Y Combinator, a San Francisco-based seed-stage accelerator has disclosed plans to reduce the size of its standard deal of investment from $150,000 to $125,000.

In a blog post published by the President, Geoff Ralston, the company has said that though it’d be maintaining its 7% equity stake in startups backed by YC, the accelerator will reduce its pro-rata right to 4% when investing in subsequent rounds.

Geoff also revealed that the changes made to its deal will enable the company fund as much as 3,000 companies in the future.

“We are making two changes to our standard deal in conjunction with a recent fundraise. Starting with the Winter 2021 batch, our deal will be $125,000 for 7% equity on a post-money safe, and we will reduce the amount of our pro-rata right to 4% of subsequent rounds. In the coming years, this will enable us to fund as many as 3000 more companies,” Geoff noted.

The accelerator which is currently calling on applicants for the upcoming Winter batch 2021 says these changes will apply to the new participants. African startups are not left out as they will also be part of the current standard investment deal starting from 2021. However, startups in the current summer batch will not be affected.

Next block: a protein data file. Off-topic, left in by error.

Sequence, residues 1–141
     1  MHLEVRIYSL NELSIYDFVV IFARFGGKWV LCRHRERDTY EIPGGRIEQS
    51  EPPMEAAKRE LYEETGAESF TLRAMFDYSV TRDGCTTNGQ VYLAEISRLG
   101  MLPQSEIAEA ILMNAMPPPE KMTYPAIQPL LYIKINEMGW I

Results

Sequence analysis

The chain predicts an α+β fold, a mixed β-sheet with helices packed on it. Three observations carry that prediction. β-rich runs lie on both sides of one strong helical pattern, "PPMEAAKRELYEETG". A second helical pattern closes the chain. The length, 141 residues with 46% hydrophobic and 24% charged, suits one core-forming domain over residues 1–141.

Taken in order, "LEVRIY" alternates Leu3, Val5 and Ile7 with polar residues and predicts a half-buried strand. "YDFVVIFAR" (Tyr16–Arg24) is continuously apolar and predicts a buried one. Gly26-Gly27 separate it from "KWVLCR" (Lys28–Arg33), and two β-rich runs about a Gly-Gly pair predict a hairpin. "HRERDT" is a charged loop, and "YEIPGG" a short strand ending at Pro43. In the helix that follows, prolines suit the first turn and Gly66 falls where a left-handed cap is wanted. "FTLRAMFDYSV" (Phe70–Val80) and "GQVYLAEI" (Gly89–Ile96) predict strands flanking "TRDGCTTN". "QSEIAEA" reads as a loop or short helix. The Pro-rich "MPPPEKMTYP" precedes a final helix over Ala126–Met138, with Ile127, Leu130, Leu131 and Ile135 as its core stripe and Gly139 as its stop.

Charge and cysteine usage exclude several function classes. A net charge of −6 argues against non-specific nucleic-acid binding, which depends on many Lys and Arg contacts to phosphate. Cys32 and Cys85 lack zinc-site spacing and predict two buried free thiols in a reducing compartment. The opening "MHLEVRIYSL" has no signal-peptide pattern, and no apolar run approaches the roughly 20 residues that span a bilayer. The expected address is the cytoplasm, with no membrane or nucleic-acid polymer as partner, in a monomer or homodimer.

Over time, the company has changed its deal, raised new funds, adjusted budgets so as to match the current environment and economy. It has divulged that this isn’t the last time it will be changing investment deals.

Previously, Y Combinator gave about $20,000 for 6% equity of a company. But in 2011, Yuri Milner, a Venture Capitalist and SV Angel, a San Francisco-based seed fund company started offering an additional $150k to every startup backed by YC.

This continued with the new investors and it reduced the deal to about $100k but increased equity to 7%. By 2014, Y Combinator increased the amount to $120k and in 2018 to $150k when they raised a fund.

A spokeswoman from Y Combinator said in a report that “The future of the economy is unpredictable, and we feel it is prudent during these times to switch to a leaner model. In our case, we want to be set up to fund as many great founders as possible — especially during a time that is creating an unprecedented change to consumer and business behaviour; with these changes comes endless opportunities for startups.”

Some African startups that have benefitted from the seed accelerator programme include, Oolu, Flutterwave, Paystack, Kobo360, Wallets Africa, Termii, OMG Digital, and the extinct Afrostream.

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